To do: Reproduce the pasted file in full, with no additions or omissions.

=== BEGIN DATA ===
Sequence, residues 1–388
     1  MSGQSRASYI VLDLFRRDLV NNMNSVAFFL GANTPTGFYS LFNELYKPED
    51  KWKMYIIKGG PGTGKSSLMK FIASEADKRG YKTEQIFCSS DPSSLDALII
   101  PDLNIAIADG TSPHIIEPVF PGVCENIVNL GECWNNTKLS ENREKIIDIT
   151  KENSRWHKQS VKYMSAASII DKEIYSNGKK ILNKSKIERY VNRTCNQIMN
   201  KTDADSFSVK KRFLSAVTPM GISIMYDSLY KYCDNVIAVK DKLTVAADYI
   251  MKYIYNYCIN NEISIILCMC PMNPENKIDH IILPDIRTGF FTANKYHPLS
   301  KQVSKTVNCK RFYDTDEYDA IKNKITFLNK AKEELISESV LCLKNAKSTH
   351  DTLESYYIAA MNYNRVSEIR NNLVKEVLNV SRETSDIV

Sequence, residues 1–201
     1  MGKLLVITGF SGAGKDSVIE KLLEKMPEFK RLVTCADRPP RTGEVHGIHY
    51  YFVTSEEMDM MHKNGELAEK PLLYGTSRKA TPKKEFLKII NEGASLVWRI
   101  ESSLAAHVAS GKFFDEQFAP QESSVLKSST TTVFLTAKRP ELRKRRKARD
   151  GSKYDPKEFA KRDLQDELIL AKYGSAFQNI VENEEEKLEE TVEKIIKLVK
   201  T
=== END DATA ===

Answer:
Sequence, residues 1–388
     1  MSGQSRASYI VLDLFRRDLV NNMNSVAFFL GANTPTGFYS LFNELYKPED
    51  KWKMYIIKGG PGTGKSSLMK FIASEADKRG YKTEQIFCSS DPSSLDALII
   101  PDLNIAIADG TSPHIIEPVF PGVCENIVNL GECWNNTKLS ENREKIIDIT
   151  KENSRWHKQS VKYMSAASII DKEIYSNGKK ILNKSKIERY VNRTCNQIMN
   201  KTDADSFSVK KRFLSAVTPM GISIMYDSLY KYCDNVIAVK DKLTVAADYI
   251  MKYIYNYCIN NEISIILCMC PMNPENKIDH IILPDIRTGF FTANKYHPLS
   301  KQVSKTVNCK RFYDTDEYDA IKNKITFLNK AKEELISESV LCLKNAKSTH
   351  DTLESYYIAA MNYNRVSEIR NNLVKEVLNV SRETSDIV

Sequence, residues 1–201
     1  MGKLLVITGF SGAGKDSVIE KLLEKMPEFK RLVTCADRPP RTGEVHGIHY
    51  YFVTSEEMDM MHKNGELAEK PLLYGTSRKA TPKKEFLKII NEGASLVWRI
   101  ESSLAAHVAS GKFFDEQFAP QESSVLKSST TTVFLTAKRP ELRKRRKARD
   151  GSKYDPKEFA KRDLQDELIL AKYGSAFQNI VENEEEKLEE TVEKIIKLVK
   201  T